OK, you’ve just bought that new or used car and the pressure is off…right? WRONG! The next step for the car dealer is to get you into the “box”. You won’t hear this word mentioned. It’s inside car dealer slang for the F&I office or the business office. This is the place that you sign all those papers making the sale legal and final. But in addition to that, it’s also a very important profit center for car dealers. In most car dealerships it’s the most profitable department. It’s not uncommon for car dealers to make over $1,500 in “the box” on each car they sell. AutoNation, the world’s largest auto retailer makes over $2,000.
The auto manufacturers put a lot of pressure on their dealers to sell more new cars. Dealers have minimum quotas that they must meet or exceed. If they don’t, they can be penalized by losing large cash bonus rewards. To ensure that they don’t lose these bonuses, dealers are being forced to price new cars so low that many dealers are losing money in their new car departments. This puts even more pressure on car dealers to make up for the lost new car profits by increasing their finance department’s profits.
Here’s how that profit is generated. First, and usually foremost, is making money on the interest they charge you. Essentially, they make money on “the spread” just like banks make money when they loan it. For example, a car dealer will borrow money from Bank of America for 3% and loan it to you for 5% or whatever interest rate they can convince you to accept. The second way they earn that big profit in “the box” is by selling you “products” which are added to the price of the car you just bought. There are many products and some of the most common are extended service warranties, maintenance plans, road hazard insurance, GAP insurance, window etch, and LoJack.
The way you should protect yourself on the interest rate is to have already shopped your own bank or credit union and two other banks for the best interest rate you can qualify for. Never go into “the box” without knowing what the best rate other banks or credit unions will allow you. The best way to protect yourself against the products they will try to sell you is to completely understand each product. Do you want or need an extended warranty on your new car? If this product costs $1,900 for example, how long are you going to keep the car and how long are you likely to be driving it when it’s out of the manufacturer’s warranty? Ask the same questions of each product they try to sell you. If you’re unclear on the merits of a product, don’t commit. You can always go home and think about and seek advice from friends and advisors. If the finance manager tells you that you must decide immediately, just leave. He’s not being honest.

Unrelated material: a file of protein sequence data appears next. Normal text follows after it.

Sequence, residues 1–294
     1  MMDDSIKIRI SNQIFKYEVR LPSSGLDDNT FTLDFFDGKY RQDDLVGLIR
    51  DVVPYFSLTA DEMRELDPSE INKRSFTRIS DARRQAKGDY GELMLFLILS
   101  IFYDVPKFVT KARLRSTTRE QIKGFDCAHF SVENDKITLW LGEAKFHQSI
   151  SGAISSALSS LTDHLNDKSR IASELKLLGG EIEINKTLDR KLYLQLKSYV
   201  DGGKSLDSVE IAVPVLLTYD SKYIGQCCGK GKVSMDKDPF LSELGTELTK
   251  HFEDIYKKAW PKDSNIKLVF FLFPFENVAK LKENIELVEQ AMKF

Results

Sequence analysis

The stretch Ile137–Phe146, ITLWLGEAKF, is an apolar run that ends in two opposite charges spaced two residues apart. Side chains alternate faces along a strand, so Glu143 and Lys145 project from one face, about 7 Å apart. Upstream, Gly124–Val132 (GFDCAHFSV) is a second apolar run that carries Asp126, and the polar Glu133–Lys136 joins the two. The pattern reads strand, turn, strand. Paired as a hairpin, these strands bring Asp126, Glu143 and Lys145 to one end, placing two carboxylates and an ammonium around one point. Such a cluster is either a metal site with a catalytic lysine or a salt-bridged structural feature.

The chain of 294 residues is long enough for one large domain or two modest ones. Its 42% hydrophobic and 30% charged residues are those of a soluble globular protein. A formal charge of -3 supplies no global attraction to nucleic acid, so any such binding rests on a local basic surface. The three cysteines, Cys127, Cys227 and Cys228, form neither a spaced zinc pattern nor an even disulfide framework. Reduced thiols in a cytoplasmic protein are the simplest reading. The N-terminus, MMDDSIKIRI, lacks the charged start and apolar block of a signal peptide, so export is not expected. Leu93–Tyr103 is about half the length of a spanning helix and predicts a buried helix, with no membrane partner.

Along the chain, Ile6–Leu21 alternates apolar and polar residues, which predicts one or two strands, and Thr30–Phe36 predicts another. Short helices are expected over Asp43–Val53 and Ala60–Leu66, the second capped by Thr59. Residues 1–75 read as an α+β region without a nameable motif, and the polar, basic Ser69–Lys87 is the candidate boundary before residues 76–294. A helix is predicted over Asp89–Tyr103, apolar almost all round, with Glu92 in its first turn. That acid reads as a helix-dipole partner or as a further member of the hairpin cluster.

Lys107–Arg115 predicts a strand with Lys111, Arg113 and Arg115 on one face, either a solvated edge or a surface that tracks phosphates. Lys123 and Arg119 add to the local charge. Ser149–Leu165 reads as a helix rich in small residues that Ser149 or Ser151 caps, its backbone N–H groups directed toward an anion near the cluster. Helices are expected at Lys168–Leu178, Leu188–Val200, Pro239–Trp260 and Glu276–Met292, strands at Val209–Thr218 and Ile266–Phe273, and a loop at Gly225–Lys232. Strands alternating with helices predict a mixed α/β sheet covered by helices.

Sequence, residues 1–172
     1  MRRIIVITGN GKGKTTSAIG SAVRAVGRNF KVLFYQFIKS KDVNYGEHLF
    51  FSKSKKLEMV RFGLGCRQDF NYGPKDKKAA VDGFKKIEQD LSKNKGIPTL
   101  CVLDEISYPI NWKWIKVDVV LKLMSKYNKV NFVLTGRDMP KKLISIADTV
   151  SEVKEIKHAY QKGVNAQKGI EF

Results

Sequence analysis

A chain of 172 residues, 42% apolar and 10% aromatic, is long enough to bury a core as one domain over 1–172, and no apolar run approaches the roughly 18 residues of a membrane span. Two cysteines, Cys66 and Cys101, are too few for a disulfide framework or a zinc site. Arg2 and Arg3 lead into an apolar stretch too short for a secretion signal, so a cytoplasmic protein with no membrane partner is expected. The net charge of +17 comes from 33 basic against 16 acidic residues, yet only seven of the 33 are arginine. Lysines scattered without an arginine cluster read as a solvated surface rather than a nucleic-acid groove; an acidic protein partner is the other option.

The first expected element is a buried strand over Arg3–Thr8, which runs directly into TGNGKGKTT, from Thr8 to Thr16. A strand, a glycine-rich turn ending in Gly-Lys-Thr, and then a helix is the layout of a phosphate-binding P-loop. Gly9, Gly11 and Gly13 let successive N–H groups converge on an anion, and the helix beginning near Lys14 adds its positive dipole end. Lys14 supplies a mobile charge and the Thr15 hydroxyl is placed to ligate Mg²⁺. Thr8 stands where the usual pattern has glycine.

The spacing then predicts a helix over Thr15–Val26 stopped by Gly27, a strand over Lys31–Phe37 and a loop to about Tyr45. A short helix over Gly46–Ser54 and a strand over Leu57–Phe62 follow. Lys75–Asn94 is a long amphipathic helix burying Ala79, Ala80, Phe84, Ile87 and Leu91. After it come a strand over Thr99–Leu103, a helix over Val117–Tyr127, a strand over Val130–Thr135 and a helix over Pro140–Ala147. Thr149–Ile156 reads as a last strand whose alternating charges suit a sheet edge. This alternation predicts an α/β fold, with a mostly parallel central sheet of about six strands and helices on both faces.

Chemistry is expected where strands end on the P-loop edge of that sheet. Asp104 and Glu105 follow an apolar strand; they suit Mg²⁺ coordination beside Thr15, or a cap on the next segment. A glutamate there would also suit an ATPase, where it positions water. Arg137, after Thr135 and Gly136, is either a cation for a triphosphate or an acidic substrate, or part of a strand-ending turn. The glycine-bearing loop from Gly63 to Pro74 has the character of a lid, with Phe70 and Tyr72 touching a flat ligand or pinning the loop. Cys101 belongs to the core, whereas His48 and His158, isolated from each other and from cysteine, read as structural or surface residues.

Another important tactic is to never go into “the box” alone. If it’s just you and the F&I manager [often called business manager], and there is a dispute over what was said, it’s just your word against his. Also, having a friend or advisor present will usually be a deterrent to any attempted deception.
These are some of the kinds of deception you should be on the lookout for. Tying the sale of a product, like an extended service contract, to the interest rate or the bank’s willingness to approve your financing is illegal. But this practice happens all too often behind the closed doors of the “the box.” The F&I manger may tell you that the bank “requires” you to buy the extended warranty, GAP insurance another product to protect the bank’s collateral. This is simply a lie. Another common form of deception is to not disclose the products or interest rate, and have you sign the contract without reading it. There are many documents to be signed after you buy a car. Buyers are often in a state of euphoria now that they have bought their dream car and are in too much of a hurry to sign everything and drive their new car home. The car dealer is required by law to give you a signed copy of the installment sales contract. Be sure you carefully read it, and be sure have a copy. If you don’t get a copy, you may find that you signed a different contract than the one you read.
Extended service warranties, GAP insurance, and other insurance products are regulated in Florida unlike many other states. This affords you some degree of protection like being able to cancel an insurance product if you did not use it. You can do this in 60 days for a 100% cancellation. You don’t get the cash back and your monthly payment won’t go down, but the amount is taken off the principal amount you are financing through the bank. You can cancel insurance products after 60 days, but the cancellation is not pro rata and you pay a large penalty.
If you remember nothing else from this article, please remember this one thing. Don’t hurry the process of financing your car and signing the papers. Don’t let the car dealer encourage you to sign anything you don’t understand. Time is on your side because it will allow you to think and to consult with others who can help you make your final decision. I get a lot of calls from victims of “the box” and the one thing they all have in common is that they let themselves be rushed into signing the documents so that they could drive their dream car home that same day.